Small peninsula with white beaches

Photo © Michael Sommers.

Visitors to São Paulo who pity the fact that its residents are landlocked in a seemingly never-ending urban jungle shouldn’t feel too sorry for them. After all, within a couple of hours by car (a couple more by bus) Paulistanos can easily access some of the most beautiful beaches on the entire Brazilian coastline, in which mountains and exuberant Mata Atlântica collide spectacularly with emerald green coves and bays lined with sugary sands.

Although many of the beaches on the so-called Litoral Norte (North Coast)—a 250-km stretch that extends from the port city of Santos up to the frontier of Rio de Janeiro state—get mobbed during the summer and on long weekends, there are still a few that (due to more difficult access) have managed to remain off-the-GPS of the million or so cars that descend from the capital on any given holiday weekend. Here are a trio of options for those in search of a primitive getaway far from the tanning crowds:

Calhetas (São Sebastião)

When Paulistanos announce they are “going to São Sebastião,” they’re not actually referring to the busy seaside town with the charming colonial center located 220 km from São Paulo, but to the 100-km expanse of beaches and resort towns surrounding it.

Tiny Calhetas is an idyllic white sand beach splayed upon a tiny peninsula between the larger (and more sonorously named) beaches of Toque-Toque Pequeno e Toque-Toque Grande. Bring supplies because aside from shady almond trees, there’s no infrastructure to speak of. There are, however, natural pools for floating and a waterfall in which you can rinse off as you make your way through the rainforest up to the highway.

Why It’s So Secluded: Only 16 km from São Sebastião, at Km 144 along the Rio-Santos Highway, the entrance to Calhetas—via a condo complex—is private and no cars are allowed. Easiest access is via the local Ecobus that runs at regular intervals up and down the coastline from São Sebastião’s bus station.

If You Can’t Bear to Leave: The only hotel around is the Ilha de Toque Toque Boutique Hotel, a 15-minute walk away from Calheta, whose tastefully appointed bungalows are built into a lush hillside overlooking the sea. Rambling grounds boast a pool, hot tub, and decks galore. The owners also rent out nearby chalets that are ideal for small groups in the mood for a housekeeping holiday.

Bonete (Ilhabela)

Only a 15-minute ferry boat ride from São Sebastião, Ilhabela is Brazil’s largest off-coast island. While 85 percent is covered in preserved Atlantic rainforest, its dozens of beaches and constant breezes attract sun worshippers and watersports enthusiasts en masse (particularly sailors and windsurfers) not to mention upper class Paulistanos, many of whom arrive at their luxury villas via private yacht or helicopter.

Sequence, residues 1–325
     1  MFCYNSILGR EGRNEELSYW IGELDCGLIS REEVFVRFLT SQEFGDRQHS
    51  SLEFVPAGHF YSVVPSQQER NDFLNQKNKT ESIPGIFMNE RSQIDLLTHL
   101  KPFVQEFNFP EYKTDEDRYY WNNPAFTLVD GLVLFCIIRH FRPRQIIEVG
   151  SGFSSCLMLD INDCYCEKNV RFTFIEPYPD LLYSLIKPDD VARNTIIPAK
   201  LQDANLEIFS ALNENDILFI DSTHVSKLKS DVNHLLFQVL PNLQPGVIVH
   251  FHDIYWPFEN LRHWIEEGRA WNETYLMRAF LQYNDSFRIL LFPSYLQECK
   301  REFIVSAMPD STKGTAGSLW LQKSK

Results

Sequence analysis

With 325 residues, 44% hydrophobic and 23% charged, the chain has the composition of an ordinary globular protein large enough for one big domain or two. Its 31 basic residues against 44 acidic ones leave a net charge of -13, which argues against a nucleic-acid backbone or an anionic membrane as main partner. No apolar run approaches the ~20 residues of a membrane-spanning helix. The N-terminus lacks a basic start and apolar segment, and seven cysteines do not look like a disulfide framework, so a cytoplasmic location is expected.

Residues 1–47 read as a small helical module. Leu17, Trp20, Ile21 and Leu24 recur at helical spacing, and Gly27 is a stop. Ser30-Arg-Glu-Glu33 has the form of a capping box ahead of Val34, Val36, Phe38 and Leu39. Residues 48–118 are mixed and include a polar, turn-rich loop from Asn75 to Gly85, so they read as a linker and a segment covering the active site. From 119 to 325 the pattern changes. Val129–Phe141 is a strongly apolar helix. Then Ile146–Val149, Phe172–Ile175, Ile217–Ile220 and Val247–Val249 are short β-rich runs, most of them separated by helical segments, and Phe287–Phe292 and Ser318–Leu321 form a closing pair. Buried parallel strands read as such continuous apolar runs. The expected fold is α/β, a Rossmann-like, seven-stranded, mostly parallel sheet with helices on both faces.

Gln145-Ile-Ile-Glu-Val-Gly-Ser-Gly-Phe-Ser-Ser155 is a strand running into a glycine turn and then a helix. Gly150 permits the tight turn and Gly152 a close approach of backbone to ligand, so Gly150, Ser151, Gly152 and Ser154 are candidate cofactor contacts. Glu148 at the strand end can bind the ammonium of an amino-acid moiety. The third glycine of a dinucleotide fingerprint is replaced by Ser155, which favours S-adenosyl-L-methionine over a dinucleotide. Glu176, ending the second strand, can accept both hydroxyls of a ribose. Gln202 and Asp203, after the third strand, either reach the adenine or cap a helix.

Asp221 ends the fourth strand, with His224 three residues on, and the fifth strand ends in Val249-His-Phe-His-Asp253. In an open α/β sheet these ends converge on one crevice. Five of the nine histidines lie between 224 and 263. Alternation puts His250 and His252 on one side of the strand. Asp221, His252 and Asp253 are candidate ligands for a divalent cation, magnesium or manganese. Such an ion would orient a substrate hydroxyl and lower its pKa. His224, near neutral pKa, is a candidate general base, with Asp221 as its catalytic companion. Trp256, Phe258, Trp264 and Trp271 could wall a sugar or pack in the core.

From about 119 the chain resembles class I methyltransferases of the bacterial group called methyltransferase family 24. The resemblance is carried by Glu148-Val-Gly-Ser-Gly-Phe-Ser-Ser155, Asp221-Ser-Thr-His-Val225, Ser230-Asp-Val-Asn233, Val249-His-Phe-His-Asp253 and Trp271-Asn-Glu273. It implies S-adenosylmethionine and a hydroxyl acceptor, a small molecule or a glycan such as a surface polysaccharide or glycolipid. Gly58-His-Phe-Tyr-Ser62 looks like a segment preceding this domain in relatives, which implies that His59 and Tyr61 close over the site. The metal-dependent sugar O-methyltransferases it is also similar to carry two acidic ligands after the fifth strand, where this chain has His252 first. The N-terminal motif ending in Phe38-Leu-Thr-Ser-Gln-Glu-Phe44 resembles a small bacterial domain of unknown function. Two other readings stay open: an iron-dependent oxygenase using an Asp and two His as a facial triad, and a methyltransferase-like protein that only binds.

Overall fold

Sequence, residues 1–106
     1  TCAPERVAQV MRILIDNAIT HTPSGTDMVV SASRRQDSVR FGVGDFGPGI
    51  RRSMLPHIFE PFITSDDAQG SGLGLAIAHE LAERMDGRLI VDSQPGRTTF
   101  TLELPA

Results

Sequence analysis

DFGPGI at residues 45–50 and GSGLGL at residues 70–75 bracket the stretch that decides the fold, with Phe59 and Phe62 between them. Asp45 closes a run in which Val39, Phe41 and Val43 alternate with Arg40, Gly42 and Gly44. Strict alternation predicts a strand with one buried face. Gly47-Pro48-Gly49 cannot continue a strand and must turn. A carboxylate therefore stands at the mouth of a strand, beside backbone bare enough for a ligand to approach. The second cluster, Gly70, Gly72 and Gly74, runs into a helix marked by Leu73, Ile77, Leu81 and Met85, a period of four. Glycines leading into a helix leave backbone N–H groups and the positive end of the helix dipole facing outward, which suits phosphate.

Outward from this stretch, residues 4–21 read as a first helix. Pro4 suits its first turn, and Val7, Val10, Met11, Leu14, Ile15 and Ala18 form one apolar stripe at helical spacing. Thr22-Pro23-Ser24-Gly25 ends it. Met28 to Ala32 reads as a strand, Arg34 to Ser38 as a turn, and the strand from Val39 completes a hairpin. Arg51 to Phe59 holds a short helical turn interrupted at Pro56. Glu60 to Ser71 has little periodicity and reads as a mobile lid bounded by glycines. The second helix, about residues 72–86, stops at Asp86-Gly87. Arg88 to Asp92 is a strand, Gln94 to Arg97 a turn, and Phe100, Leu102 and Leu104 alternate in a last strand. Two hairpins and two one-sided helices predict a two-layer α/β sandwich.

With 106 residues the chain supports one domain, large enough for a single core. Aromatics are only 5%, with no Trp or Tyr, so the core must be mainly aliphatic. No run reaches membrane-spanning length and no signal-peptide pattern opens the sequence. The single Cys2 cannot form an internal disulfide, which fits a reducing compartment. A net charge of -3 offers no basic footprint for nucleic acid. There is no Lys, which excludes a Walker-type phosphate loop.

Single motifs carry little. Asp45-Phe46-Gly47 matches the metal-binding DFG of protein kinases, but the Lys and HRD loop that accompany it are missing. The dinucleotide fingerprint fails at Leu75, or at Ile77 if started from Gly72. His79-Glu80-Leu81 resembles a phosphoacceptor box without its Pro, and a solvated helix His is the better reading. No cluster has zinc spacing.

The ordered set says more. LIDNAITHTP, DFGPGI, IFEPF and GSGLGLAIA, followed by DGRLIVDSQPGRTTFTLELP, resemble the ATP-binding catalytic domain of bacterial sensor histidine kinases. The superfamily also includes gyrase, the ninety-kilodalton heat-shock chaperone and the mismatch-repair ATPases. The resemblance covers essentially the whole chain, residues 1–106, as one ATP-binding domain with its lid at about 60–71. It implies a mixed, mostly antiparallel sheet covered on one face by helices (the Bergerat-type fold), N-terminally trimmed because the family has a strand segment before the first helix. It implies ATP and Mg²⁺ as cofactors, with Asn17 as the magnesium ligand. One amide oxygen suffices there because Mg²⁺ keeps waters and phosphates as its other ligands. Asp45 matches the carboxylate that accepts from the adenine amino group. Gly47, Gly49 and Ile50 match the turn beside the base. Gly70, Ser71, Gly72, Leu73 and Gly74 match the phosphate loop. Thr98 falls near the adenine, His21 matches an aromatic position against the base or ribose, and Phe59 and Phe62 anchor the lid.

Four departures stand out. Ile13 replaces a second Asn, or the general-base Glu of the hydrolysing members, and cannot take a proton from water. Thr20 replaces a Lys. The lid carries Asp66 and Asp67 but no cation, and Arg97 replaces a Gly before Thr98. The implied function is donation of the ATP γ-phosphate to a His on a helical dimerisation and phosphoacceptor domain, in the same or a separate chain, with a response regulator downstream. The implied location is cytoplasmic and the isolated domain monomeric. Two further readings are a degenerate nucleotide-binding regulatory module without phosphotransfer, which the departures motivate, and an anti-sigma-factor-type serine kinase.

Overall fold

To avoid the hip beach lounges and swarms of cruise ship passengers, head to the Robinson Crusoe-worthy beaches on the open Atlantic side of the island. One of the most drop-dead gorgeous is Bonete, on the south coast, which offers a bewitching mixture of waters and colors with turquoise ocean mingling with the jade green of the Rio Nema.

Why It’s So Secluded: Bonete is reachable only by boat ( 1 hour) or a scenic, but mosquito-ridden hike (4 hours) through the rainforest from the village of Borrifos.

If You Can’t Bear to Leave: Checking into Pousada Canto Bravo gives you private access to the beach as well as surrounding nature. Accommodations are best described as primitive chic. Leave your gadgets at home; there’s no electricity (although a solar generator supplies essentials), meaning candlelight and bonfires reign supreme.

Praia do Cedro (Ubatuba)

As is the case with São Sebastião, when Paulistanos talk about going to “Ubatuba,” they are actually referring less to the town itself than to the surrounding 90 km of coastline that stretches along the Rio-Santos highway from Praia da Figueira to Camburi (on the frontier of Rio de Janeiro state).

Located some 20 km south of Ubatuba, untamed Praia do Cedro is routinely voted one of the most beautiful beaches in Brazil. Only a narrow strip of white sand prevents the tangle of lush jungle from tumbling into a transparent blue-green sea. Luckily the beach’s only inhabitant, Dito, had the foresight to open a bar.

Why It’s So Secluded: After turning off the Rio-Santos highway and following a bumpy 7-km dirt road to Praia da Fortaleza, you have to leave your car and continue along a foot path for 40 minutes before arriving at the beach.

If You Can’t Bear to Leave: In Praia da Fortaleza, A Casa do Sol e da Lua, is a casual, family-style hotel occupying an adapted beach house. Meals are served at a collective table, nightly DVD sessions are held in the living room, and there are plenty of decks and